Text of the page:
- Since the 16th century Mexico has had a unique variety of sweets.
- Mexican sweets stand out for their color, flavor, and intense aromas, distinctive features of Mexican cuisine.
As some legends have it sweets were prepared by nuns in colonial convents as a means of expressing the feelings they held deep in their hearts. These delights started out as experiments. Ingredients such as sugar, milk, eggs, and dried fruit arrived with the conquistadors . . . and were blended with endemic products including squash, mamey, vanilla, amaranth, and cacao.
From north to south, from peninsula to peninsula, sweets are ever-present at Mexican fairs and fiestas. They are an excellent gift because they are both elegant and delicious. Sweets are a living example of the nation’s traditions.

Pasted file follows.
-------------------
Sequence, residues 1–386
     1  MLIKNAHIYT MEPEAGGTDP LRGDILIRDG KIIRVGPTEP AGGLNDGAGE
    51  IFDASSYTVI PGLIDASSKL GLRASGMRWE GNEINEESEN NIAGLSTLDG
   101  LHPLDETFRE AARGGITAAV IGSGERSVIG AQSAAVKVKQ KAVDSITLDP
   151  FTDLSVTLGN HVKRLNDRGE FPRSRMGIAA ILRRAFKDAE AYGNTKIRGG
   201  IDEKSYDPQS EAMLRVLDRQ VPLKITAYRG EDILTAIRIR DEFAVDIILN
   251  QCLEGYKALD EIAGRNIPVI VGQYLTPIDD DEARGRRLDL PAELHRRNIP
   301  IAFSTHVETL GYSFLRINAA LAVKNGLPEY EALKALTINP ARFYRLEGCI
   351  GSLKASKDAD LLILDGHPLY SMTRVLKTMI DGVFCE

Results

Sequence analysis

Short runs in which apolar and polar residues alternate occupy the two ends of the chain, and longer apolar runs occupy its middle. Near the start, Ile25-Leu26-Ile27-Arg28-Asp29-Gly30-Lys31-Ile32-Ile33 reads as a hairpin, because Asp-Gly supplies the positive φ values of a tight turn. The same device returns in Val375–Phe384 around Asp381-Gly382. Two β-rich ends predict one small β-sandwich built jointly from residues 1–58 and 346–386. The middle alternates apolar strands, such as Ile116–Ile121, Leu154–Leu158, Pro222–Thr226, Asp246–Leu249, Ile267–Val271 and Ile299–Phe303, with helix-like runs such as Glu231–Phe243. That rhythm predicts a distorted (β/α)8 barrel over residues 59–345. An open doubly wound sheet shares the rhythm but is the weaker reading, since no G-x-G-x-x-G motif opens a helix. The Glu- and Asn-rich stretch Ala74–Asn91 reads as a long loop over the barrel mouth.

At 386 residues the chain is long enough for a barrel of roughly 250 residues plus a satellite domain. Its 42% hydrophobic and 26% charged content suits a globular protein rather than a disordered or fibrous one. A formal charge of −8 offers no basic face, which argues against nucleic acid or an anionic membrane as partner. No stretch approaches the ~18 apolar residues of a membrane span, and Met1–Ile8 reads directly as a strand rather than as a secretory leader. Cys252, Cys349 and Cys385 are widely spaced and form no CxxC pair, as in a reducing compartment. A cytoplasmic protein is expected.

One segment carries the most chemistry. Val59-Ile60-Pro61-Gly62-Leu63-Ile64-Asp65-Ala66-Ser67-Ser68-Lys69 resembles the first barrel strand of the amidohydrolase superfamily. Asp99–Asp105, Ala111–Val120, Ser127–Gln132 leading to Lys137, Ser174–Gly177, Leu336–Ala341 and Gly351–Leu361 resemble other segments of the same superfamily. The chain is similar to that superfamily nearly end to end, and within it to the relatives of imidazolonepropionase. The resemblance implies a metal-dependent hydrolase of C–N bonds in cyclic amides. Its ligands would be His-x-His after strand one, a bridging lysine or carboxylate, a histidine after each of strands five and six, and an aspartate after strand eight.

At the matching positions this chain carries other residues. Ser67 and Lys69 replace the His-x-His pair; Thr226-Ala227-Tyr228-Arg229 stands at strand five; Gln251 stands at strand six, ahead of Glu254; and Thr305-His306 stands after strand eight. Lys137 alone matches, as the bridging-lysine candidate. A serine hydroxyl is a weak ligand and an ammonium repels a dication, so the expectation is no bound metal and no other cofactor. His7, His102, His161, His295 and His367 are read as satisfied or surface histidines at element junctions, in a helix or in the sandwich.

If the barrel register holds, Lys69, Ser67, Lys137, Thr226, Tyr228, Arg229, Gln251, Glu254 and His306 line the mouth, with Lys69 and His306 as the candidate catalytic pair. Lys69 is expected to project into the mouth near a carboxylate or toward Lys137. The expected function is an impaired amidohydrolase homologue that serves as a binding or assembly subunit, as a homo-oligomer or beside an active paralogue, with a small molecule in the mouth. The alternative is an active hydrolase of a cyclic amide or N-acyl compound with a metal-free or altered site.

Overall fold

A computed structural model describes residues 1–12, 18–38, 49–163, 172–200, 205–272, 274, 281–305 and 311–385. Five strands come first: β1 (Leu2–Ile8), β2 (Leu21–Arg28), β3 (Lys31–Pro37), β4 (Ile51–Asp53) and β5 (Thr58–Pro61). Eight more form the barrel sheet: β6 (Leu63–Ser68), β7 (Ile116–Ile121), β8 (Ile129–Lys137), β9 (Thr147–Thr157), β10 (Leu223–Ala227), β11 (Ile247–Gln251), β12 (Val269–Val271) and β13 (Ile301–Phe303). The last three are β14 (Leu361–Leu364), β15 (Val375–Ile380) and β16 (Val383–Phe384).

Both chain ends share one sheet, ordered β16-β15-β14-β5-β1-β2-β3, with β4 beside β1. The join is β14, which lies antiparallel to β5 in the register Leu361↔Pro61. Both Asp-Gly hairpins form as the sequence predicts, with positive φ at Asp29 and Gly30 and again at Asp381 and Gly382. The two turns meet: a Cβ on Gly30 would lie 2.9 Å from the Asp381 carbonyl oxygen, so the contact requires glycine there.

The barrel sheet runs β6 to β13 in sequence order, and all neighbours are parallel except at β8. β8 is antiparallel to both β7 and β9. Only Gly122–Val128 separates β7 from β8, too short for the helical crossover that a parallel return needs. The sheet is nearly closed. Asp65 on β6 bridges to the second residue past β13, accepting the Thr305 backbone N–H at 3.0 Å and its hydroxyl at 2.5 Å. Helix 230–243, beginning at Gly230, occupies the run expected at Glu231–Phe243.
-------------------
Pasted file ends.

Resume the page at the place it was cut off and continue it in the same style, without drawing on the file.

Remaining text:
- Mexico’s oldest sweet is known as alegría: toasted amaranth combined with honey, piloncillo (solid brown cone sugar), or sugar. It was originally prepared with agave syrup.
- Puebla, Michoacán, the State of Mexico, and Nuevo León boast delectable traditional sweets.
- The most famous are alegrías, cocadas (chewy coconut candies), glorias (milk and pecan candy), candied fruit, jamoncillos (milk and nut candies), mazapanes (peanut or almond marzipan), muéganos (crunchy brown cone sugar flavored dough), palanquetas (nut brittle), ates (fruit pastes), and obleas (wafers with caramel).
- Sugar skulls are the most traditional sweet for the Day of the Dead season.